Published on 31st January, 2016, in The Times of India.
Why were temples built in India? They did not always exist. Before temples, people worshipped rocks and rivers and stars: Kumbh Mela is a classic example of Hindu ritual that does not involve any artificial structure. If one goes to the temples of Kamakhya in Assam or Vaishnodevi in Jammu, we realize that what is assumed to be a ‘temple’ is essentially a structure built around very simple natural rock formations. The structure then is the boundary that defines and delimits the sacred space around something very organic and natural. This creation of boundaries is the essence of patriarchy, for with boundaries come divisions and hierarchies, that prop up the privileged. The physical boundaries express psychological boundaries that emerged long ago, before the structures, before gods and goddesses, in the earliest phases of civilization, when humanity emerged out of the animal kingdom and sought meaning.
Every village of India is associated with grama-devis and grama-devas, often classified as fertility goddesses and guardian gods. The female divine provides, and the male divine protects. For the female divine, the male minion is just a seed provider. Nothing more. The male divine protects the female divine. Sometimes he is also the seed provider. At other times, he is celibate like Hanuman, Bhairo baba and Aiyanar. Through celibacy these guardian gods express their respect for the Goddess, their mother. Celibacy, hence semen retention, also makes them powerful.
This notion of celibacy giving supernatural power gave rise to monastic orders. Monks sought to control the natural forces: the ability to walk on water or fly through air, the ability to change shape, be immortal. They also sought control over the mind: freedom from suffering, from fear. These accomplished ascetics (siddhas) shunned all things sensual like the female temptresses (yoginis) who wandered in groups as matrikas and mahavidyas.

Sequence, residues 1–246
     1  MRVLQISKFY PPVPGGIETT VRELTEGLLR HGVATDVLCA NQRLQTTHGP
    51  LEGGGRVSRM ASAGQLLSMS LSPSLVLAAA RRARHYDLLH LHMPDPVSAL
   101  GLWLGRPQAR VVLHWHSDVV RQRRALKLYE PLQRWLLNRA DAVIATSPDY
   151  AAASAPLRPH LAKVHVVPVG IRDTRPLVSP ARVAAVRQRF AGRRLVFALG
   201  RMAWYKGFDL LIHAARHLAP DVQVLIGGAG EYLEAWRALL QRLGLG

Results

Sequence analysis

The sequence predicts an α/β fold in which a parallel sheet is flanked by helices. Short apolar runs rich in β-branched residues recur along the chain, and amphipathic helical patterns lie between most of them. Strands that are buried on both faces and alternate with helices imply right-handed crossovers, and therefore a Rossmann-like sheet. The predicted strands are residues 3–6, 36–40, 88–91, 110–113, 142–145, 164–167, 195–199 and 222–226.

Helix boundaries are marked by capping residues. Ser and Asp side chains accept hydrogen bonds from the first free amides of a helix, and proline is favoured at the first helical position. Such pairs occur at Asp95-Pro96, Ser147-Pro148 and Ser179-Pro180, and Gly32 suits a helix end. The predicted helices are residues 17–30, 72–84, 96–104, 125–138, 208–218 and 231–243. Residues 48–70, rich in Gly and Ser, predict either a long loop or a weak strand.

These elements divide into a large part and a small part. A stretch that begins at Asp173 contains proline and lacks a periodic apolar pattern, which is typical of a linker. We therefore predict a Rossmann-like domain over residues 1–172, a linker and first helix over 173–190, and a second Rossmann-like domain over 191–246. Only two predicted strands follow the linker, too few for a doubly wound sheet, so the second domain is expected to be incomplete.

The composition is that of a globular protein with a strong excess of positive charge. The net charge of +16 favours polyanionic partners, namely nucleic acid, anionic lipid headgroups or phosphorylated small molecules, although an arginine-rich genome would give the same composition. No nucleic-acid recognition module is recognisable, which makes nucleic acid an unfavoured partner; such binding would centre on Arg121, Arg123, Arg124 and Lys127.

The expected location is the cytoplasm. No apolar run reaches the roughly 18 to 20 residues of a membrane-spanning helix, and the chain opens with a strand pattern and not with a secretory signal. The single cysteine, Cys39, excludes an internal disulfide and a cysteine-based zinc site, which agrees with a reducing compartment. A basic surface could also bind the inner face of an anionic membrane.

Buddha created the earliest organized, institutionalized, monastic order in India. In his monasteries (viharas) women were not permitted. When they were, finally, they were forced to follow more rules than men, as they had not only to control their own desires, they also had to ensure they did not ‘tempt’ men. These viharas were built around chaityas which housed the stupa that contained a relic of the Buddha. These were the first grand structures of India, carved into rocks. Before that shrines (devalaya) of fertility goddesses and guardian gods existed only under trees, beside rivers and inside caves, unrestrained by artificial walls and roofs.
Temples of stone were built to counter Buddhist thought by highlighting the joys of household life. Temple walls and temple customs expressed song and dance and food and pleasure. The enshrined deities got married in grand ceremonies (as in Brahmotsavam in Tirupati). They were taken care of by priests and temple dancers. These complexes were a far cry from the serenity and silence of the vihara. They celebrated power and pleasure and beauty on a grand scale. But like Buddhist monasteries, these temples were controlled by men, the Brahmins. When the devadasis became too powerful, they were kicked out by being declared ‘prostitutes’, with a little help from the British.
Ironically today, temples – that embodiment of household life – are controlled by Hindu monks (mahants). Celibacy is seen as the hallmark of religiosity and purity, and embodied as celibate, women-shunning deities such as Shani and Ayyappa. In ashrams of modern-day gurus, male sanyasis are called ‘swami’ or master, while female sanyasis are called ‘maa’ or mother, thus endorsing traditional roles of man as protector and proprietor and woman as procreator and provider.
Is celibacy a sign of respect for women, or just a clever form of misogyny? Why do the guardian gods, gurus, monks and male devotees shun the feminine? Is it to retain their semen, hence gain supernatural powers, a common belief in tantrik texts? Or is it because they want to purify themselves, and so stay away from pollutants, such as menstruating women? These are popular ideas (traditional beliefs? superstitions?) that most activists do not want to engage with, for it will open a huge can of worms.
We prefer the sterility of neo-Vedanta popularized by male-dominated monastic Hindu ‘missions’ in the early 20th century, where God has no gender, or sexuality, hence looks upon men and women equally. Women breaking into men-only temples may be dramatic, like storming of the Bastille, but it does not challenge the patriarchal psychology that makes ‘celibacy’ purifying, and ‘sexuality’ polluting.